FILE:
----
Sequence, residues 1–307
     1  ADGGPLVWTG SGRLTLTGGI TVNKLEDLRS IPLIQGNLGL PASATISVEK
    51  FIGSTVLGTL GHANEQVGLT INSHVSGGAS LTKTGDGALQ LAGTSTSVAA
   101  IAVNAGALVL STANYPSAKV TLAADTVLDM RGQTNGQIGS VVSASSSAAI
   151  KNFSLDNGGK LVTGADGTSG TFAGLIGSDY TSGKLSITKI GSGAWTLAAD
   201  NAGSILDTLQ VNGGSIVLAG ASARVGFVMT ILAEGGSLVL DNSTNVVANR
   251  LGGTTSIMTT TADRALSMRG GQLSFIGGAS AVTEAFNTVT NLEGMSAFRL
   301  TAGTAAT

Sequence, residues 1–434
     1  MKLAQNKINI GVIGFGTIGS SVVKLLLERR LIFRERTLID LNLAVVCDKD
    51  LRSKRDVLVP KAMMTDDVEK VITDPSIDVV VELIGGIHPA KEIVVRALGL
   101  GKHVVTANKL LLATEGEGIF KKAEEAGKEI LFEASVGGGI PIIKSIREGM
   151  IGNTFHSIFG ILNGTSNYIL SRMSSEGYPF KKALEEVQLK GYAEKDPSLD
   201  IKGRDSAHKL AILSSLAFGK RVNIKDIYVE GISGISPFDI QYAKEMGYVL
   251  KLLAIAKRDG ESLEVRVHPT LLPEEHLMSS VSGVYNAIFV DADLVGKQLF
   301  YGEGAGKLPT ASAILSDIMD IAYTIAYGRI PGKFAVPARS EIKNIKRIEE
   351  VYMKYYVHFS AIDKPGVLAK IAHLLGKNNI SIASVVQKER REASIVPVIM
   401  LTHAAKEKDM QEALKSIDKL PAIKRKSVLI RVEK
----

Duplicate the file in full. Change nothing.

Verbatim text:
Sequence, residues 1–307
     1  ADGGPLVWTG SGRLTLTGGI TVNKLEDLRS IPLIQGNLGL PASATISVEK
    51  FIGSTVLGTL GHANEQVGLT INSHVSGGAS LTKTGDGALQ LAGTSTSVAA
   101  IAVNAGALVL STANYPSAKV TLAADTVLDM RGQTNGQIGS VVSASSSAAI
   151  KNFSLDNGGK LVTGADGTSG TFAGLIGSDY TSGKLSITKI GSGAWTLAAD
   201  NAGSILDTLQ VNGGSIVLAG ASARVGFVMT ILAEGGSLVL DNSTNVVANR
   251  LGGTTSIMTT TADRALSMRG GQLSFIGGAS AVTEAFNTVT NLEGMSAFRL
   301  TAGTAAT

Sequence, residues 1–434
     1  MKLAQNKINI GVIGFGTIGS SVVKLLLERR LIFRERTLID LNLAVVCDKD
    51  LRSKRDVLVP KAMMTDDVEK VITDPSIDVV VELIGGIHPA KEIVVRALGL
   101  GKHVVTANKL LLATEGEGIF KKAEEAGKEI LFEASVGGGI PIIKSIREGM
   151  IGNTFHSIFG ILNGTSNYIL SRMSSEGYPF KKALEEVQLK GYAEKDPSLD
   201  IKGRDSAHKL AILSSLAFGK RVNIKDIYVE GISGISPFDI QYAKEMGYVL
   251  KLLAIAKRDG ESLEVRVHPT LLPEEHLMSS VSGVYNAIFV DADLVGKQLF
   301  YGEGAGKLPT ASAILSDIMD IAYTIAYGRI PGKFAVPARS EIKNIKRIEE
   351  VYMKYYVHFS AIDKPGVLAK IAHLLGKNNI SIASVVQKER REASIVPVIM
   401  LTHAAKEKDM QEALKSIDKL PAIKRKSVLI RVEK